No, except for very rare exceptions. Every year, hundreds of earthquakes occur in Canada. Only a very tiny minority of these precede a larger earthquake. Although a large earthquake may be preceded by a foreshock the Saguenay earthquake of November is an example , the occurrence of a small earthquake is not in itself a typical sign.

Hundreds of small earthquakes occur every year in Canada, whereas major earthquakes have occurred only a few times in this century. A small earthquake, however, provides an ideal opportunity to offer reminders about safety measures to take before, during and after an earthquake. Magnitude is a measure of the amount of energy released during an earthquake. It is frequently described using the Richter scale. To calculate magnitude, the amplitude of waves on a seismogram is measured, correcting for the distance between the recording instrument and the earthquake epicentre.

Since magnitude is representative of the earthquake itself, there is only one magnitude per earthquake. Taking the Saguenay QU earthquake of November 25, as an example, one could not therefore speak of magnitude 6 at Quebec City and magnitude 4 to 5 at Montreal. The effects or intensities experienced at different places were different, but the magnitude of the earthquake is unique; in this example, it was 6 on the Richter scale.

Magnitude thus has more to do with the effects of the earthquake overall. The magnitude scale is logarithmic. This means that, at the same distance, an earthquake of magnitude 6 produces vibrations with amplitudes 10 times greater than those from a magnitude 5 earthquake and times greater than those from a magnitude 4 earthquake. In terms of energy, an earthquake of magnitude 6 releases about 30 times more energy than an earthquake of magnitude 5 and about times more energy than an earthquake of magnitude 4.

The Intensity scale is designed to describe the effects of an earthquake, at a given place, on natural features, on industrial installations and on human beings. The intensity differs from the magnitude which is related to the energy released by an earthquake. Without going into the seismological details, the magnitude defined by Charles Richter is the source of all magnitude scales.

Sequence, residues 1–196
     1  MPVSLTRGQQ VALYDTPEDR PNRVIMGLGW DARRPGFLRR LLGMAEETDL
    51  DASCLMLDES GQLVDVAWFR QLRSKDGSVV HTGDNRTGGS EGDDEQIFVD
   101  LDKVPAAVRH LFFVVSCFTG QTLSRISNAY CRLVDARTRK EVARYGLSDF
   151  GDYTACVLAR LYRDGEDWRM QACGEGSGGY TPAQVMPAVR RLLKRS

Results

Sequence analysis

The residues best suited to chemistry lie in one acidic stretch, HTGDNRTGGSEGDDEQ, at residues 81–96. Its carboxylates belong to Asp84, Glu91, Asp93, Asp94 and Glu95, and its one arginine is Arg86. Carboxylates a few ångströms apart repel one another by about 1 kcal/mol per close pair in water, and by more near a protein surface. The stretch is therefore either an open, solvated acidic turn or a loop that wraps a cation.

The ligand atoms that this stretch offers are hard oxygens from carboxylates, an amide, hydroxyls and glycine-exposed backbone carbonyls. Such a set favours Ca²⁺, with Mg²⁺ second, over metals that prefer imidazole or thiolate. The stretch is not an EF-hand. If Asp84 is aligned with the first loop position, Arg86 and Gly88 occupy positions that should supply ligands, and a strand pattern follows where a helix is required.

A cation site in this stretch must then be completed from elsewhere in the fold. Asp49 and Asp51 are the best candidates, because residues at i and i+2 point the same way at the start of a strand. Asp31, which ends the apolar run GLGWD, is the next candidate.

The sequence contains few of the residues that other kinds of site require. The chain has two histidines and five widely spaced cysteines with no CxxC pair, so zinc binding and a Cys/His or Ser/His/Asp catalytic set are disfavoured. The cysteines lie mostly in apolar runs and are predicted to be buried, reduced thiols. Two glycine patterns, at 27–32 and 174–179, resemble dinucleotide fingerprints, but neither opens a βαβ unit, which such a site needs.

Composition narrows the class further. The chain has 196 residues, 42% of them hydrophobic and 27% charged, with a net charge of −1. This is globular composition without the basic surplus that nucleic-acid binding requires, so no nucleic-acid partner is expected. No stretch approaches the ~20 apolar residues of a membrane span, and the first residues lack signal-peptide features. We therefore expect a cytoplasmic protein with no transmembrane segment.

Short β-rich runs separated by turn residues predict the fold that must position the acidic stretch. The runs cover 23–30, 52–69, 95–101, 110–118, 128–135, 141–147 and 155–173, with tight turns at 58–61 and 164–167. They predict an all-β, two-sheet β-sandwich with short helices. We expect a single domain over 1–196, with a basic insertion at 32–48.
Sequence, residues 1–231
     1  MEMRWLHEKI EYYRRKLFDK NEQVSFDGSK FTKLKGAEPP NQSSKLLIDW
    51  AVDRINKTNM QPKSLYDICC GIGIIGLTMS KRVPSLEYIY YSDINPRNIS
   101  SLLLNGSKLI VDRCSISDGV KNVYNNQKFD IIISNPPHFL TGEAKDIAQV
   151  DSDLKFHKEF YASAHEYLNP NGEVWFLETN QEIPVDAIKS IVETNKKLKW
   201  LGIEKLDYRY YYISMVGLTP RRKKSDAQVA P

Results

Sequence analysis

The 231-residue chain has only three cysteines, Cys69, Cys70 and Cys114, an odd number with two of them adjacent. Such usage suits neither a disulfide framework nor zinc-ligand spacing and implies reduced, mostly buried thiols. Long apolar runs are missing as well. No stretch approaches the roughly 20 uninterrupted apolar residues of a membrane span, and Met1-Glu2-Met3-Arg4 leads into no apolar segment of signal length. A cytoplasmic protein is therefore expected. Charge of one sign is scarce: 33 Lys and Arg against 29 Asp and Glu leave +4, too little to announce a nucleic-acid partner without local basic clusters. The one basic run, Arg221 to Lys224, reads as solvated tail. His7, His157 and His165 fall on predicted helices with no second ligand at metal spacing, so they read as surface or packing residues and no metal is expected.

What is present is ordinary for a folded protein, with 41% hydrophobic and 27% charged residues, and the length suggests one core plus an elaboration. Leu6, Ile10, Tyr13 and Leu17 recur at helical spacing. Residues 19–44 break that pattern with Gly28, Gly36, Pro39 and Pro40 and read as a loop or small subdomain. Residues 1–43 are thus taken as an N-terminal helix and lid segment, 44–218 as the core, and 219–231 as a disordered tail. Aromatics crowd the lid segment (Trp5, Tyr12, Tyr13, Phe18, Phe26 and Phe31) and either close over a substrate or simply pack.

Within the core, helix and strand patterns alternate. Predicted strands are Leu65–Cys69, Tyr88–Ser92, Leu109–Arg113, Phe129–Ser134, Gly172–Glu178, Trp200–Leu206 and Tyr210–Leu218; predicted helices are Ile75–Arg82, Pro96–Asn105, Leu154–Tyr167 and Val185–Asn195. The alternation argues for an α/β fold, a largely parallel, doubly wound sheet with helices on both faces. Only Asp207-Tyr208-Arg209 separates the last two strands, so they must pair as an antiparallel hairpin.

Over the years however, it was realized that the magnitude that Richter had defined for California M L means local magnitude , did not apply to Eastern North America where the seismic waves attenuate differently. Otto Nuttli, a seismologist at the University of Saint-Louis in the United States, developed a magnitude formula which corresponded better to the reality of Eastern America. One of the formulas which Nuttli derived is used to measure the seisms of Eastern Canada.

The formulation used is called Magnitude Nuttli or m N. In order to simplify communication with the public, Canadian seismologists will often refer to the Richter magnitude whereas strictly speaking the seisms that occur in Eastern Canada are measured according to the Nuttli magnitude. An exception exists for the very small earthquakes of the Charlevoix Region, where the Richter scale is used. Around the world other scales of magnitude exist according to the source conditions of the earthquakes depth , the conditions of attenuation, the type of measured wave, etc.

More and more, seismologists describe earthquakes according to the magnitude of the moment scale M W or M. No, it is not an error. As magnitude calculations are based on a logarithmic scale, a ten-fold drop in amplitude decreases the magnitude by 1.

Let us assume that on a seismogram:. Naturally, a negative magnitude is found only for very small events, which are not felt by humans. Though theoretically there is no mathematical limit with the magnitude calculation, physically there is a limit. The magnitude is related to the surface area of the blocks of rock which rub together and in doing so give rise to seismic waves. Since the tectonic plates have finite dimensions, the magnitude must therefore also reach a maximum.

It is believed that the greatest earthquakes can reach magnitude 9. This is difficult to answer absolutely. According to past earthquakes , one can however draw up some general information for Eastern Canada. Though seismologists generally refer to magnitude on the Richter scale, several magnitude scales do exist.

Global Frequency of Earthquakes. In addition to the international networks which can detect earthquakes of magnitude 5. No, earthquakes occur at more or less at the same rate every year. For more info: USGS web site. The greatest earthquake of recent history is the Chilean earthquake of May 22, , which is estimated at magnitude 9. According to the USGS , this earthquake caused the death of more than people in Chile, in addition to generating a tsunami which propagated around the Pacific, adding several hundreds of victims to the assessment.